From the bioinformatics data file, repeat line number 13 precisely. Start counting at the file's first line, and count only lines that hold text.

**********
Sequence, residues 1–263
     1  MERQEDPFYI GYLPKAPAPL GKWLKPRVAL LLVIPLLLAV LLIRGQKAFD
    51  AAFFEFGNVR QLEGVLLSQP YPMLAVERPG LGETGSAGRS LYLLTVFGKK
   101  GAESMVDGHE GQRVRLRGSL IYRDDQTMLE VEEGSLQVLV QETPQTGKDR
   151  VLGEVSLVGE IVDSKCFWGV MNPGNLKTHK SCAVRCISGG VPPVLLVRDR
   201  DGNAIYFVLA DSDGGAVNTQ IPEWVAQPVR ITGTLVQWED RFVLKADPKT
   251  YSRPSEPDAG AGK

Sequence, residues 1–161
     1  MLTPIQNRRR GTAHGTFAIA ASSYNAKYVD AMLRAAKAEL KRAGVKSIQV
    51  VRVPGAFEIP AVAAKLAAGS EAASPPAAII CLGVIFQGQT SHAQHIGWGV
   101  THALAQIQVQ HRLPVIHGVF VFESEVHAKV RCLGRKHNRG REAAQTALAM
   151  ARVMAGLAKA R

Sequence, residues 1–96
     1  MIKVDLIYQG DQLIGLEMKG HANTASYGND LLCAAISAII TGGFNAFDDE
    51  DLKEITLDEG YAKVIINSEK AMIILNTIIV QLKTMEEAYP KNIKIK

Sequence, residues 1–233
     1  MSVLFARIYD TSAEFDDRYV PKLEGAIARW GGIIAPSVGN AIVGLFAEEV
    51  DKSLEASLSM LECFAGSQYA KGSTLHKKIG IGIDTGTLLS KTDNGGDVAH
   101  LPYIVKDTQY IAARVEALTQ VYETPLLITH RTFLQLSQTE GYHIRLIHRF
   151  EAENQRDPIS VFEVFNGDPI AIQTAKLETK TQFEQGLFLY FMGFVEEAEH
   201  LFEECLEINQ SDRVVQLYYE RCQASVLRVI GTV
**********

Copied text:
Sequence, residues 1–96